Friday, July 2, 2010

Land Series, Cool-off Drill

Rolling Ridge

For today's session with temps in low 80s, I started by taking Laddie to a field away from the water and set up a short double and longer blind, using a BB for the double. The go-bird required Laddie to make a difficult angle entry into the end section of an area of high cover, the sort of picture we've been practicing in our Skimming Drill. The memory-bird was in thigh-high cover but otherwise undistinguished. The blind was diagonally across rolling hills and over a dry ditch filled with underbrush, on a line just outside the line to the memory-bird.

Laddie did nicely. He required no handling to take the sharp angle entry into the high cover on the go-bird, he nailed both marks, and he was responsive on the three routine WSCs needed for the blind because of the hills and the ditch.

Although I wanted Laddie to run the double to some extent as preparation for his Senior test next weekend in New York, and also as a practical application of our Skimming Drill, I also wanted him to be ready for a swim after running a land series in warm weather. That set us up for the Cool-off Drill, which we ran next.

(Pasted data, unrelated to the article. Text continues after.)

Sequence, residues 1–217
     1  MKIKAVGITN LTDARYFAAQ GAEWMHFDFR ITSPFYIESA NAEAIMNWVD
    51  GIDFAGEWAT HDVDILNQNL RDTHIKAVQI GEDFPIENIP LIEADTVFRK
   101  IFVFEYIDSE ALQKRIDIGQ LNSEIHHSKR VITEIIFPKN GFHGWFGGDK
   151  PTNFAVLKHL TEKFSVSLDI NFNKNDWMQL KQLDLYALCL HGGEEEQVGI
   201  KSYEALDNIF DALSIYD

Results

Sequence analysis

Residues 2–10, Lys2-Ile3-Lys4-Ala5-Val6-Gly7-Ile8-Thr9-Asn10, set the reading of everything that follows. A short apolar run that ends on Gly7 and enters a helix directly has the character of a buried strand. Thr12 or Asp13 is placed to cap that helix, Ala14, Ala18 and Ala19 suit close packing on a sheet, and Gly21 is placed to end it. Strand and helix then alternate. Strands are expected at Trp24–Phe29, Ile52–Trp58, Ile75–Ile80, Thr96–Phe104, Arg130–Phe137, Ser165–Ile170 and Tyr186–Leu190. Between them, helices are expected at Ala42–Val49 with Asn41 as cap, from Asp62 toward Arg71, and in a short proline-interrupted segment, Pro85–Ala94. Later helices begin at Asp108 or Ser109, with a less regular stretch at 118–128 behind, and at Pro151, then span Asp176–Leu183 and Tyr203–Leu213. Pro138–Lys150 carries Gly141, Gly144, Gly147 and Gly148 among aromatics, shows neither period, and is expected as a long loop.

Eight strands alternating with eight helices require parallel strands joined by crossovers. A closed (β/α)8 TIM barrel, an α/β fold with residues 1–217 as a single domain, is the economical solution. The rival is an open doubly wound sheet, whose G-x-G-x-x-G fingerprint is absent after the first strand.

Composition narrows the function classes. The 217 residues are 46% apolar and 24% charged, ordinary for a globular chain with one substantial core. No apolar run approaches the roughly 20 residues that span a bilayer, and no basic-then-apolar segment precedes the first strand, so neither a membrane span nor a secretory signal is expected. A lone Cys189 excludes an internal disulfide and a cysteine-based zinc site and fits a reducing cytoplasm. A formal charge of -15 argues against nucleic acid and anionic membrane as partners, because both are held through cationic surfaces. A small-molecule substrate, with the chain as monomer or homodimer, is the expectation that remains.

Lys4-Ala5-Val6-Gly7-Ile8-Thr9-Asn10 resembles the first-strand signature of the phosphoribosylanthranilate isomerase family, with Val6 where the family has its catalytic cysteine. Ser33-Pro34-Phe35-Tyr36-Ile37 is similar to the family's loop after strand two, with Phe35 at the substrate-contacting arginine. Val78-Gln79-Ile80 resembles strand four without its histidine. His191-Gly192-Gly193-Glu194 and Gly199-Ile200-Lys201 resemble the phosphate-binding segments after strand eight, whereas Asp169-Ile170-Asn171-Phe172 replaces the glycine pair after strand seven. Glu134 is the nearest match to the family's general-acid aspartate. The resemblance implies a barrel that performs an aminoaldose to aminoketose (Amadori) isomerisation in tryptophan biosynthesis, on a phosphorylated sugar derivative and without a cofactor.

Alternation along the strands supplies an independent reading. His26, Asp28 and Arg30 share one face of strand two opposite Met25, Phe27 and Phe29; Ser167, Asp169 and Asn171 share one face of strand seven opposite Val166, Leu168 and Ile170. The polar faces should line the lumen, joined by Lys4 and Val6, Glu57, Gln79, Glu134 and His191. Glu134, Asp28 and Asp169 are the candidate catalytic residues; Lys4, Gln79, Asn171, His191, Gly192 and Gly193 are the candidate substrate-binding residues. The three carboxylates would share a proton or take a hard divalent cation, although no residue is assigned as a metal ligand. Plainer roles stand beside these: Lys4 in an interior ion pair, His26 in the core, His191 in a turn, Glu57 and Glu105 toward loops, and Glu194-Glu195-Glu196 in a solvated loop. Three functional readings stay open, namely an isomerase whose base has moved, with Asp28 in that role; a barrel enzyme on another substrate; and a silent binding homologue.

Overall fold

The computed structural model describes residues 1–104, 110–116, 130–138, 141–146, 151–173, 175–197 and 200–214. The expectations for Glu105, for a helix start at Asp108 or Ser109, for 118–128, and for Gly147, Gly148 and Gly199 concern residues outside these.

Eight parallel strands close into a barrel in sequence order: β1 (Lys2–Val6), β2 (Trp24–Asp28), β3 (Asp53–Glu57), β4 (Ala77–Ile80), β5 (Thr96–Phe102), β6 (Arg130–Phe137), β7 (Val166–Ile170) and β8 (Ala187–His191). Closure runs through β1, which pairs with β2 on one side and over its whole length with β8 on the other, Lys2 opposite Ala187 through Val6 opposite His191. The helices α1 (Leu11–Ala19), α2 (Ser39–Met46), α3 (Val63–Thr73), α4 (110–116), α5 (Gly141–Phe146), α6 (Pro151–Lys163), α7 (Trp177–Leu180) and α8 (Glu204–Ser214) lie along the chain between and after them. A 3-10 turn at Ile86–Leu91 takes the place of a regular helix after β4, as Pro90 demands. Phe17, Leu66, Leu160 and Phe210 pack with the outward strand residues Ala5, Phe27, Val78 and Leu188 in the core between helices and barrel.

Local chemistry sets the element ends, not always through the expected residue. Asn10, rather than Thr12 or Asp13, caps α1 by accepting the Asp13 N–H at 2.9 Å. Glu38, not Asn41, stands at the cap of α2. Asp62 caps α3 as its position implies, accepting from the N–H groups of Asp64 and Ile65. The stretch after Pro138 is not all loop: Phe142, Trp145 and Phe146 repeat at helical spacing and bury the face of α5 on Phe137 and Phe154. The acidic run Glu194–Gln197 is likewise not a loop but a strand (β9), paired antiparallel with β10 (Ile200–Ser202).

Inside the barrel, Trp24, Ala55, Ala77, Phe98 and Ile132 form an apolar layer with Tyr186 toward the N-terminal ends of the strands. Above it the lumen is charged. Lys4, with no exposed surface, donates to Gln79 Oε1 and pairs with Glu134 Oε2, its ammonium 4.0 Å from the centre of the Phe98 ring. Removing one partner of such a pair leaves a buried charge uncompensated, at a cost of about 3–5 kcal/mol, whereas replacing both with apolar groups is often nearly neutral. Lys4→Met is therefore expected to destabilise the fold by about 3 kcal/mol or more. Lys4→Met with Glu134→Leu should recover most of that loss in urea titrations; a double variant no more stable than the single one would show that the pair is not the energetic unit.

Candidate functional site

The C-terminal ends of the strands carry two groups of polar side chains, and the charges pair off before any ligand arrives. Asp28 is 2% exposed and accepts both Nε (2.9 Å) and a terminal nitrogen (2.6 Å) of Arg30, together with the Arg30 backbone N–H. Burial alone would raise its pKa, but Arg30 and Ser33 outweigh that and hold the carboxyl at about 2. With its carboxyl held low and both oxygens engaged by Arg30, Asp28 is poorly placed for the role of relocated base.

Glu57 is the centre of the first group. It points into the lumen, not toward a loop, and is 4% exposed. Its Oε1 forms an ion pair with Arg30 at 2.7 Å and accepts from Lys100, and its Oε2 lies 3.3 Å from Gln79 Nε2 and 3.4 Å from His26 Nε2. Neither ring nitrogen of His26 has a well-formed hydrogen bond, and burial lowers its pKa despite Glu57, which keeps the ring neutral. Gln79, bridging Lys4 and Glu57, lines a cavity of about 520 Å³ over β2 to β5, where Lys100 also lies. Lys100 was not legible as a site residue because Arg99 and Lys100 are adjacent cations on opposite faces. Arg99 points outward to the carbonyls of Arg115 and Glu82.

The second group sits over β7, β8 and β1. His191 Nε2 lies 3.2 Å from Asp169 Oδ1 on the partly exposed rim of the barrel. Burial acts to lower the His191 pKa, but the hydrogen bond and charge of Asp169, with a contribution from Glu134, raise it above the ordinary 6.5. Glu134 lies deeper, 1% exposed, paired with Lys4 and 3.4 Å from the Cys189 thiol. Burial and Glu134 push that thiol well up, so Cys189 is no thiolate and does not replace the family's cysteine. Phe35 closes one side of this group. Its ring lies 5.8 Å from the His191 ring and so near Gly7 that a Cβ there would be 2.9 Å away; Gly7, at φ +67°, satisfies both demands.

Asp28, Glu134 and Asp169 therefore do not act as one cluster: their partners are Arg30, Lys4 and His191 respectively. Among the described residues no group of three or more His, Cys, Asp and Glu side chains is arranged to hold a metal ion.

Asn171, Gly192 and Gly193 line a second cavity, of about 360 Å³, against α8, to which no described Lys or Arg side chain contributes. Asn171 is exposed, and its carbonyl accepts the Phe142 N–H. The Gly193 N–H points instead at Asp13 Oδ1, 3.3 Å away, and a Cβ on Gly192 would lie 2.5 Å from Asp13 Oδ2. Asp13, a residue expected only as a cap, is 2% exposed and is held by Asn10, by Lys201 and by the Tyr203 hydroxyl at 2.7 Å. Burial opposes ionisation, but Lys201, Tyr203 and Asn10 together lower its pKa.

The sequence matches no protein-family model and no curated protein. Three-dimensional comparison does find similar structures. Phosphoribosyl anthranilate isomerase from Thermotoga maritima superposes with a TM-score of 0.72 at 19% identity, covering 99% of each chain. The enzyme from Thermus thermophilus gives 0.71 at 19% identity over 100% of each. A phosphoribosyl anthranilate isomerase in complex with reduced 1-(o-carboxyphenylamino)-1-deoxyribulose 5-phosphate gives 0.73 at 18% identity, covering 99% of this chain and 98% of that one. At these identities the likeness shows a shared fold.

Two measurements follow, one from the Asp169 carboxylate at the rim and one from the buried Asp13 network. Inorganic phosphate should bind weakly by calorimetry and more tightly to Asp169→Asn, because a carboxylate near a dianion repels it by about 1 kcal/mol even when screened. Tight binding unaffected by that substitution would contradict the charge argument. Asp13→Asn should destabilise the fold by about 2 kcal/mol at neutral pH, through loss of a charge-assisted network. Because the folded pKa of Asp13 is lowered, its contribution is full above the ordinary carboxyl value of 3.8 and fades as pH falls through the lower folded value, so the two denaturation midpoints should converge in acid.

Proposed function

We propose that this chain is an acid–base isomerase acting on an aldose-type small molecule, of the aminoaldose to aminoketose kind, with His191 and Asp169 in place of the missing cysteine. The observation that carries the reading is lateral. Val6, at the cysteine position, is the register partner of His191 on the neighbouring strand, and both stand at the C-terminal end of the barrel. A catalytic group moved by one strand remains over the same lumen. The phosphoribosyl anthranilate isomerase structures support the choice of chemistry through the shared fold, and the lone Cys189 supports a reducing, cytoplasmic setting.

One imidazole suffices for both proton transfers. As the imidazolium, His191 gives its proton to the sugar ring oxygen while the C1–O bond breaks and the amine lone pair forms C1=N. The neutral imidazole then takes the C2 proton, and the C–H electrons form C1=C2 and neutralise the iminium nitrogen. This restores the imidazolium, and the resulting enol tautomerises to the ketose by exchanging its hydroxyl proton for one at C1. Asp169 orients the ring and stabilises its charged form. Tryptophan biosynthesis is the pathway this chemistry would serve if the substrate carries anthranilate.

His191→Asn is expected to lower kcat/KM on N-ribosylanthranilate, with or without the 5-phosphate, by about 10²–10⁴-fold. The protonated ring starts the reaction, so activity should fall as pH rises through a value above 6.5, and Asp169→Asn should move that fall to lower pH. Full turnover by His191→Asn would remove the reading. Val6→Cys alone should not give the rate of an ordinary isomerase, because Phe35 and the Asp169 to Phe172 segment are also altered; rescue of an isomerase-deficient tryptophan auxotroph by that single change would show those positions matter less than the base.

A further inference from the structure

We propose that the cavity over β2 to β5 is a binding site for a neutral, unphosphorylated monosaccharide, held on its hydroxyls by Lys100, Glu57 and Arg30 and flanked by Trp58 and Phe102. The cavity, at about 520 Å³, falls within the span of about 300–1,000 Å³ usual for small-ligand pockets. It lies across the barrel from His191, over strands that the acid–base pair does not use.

For the Cool-off Drill, I had Laddie run another reasonably long land blind at a 30° angle away from the pond, then, using the same SL, had him run to an LP with a length of tape attached at the top for maximum visibility, to pick up a puppy WB, his favorite. The LP was right next to the pond, and was 60 yards from the SL, representing a raise in criteria from the two previous times we've run the Cool-off Drill. Laddie's tendency would be to pick up the puppy bumper and take it into the water to cool off before completing his return. Our goal has been to get him to bring the bumper to me first, and then I'd immediately throw it for him into the water.

Laddie performed well on this second series, also. After running the long blind, he took the easy line to the LP and grabbed the WB. I had no sense of it crossing his mind to go for a swim before returning the bumper to me, but he happily welcomed the reward — the bumper thrown into the pond — that he'd earned.

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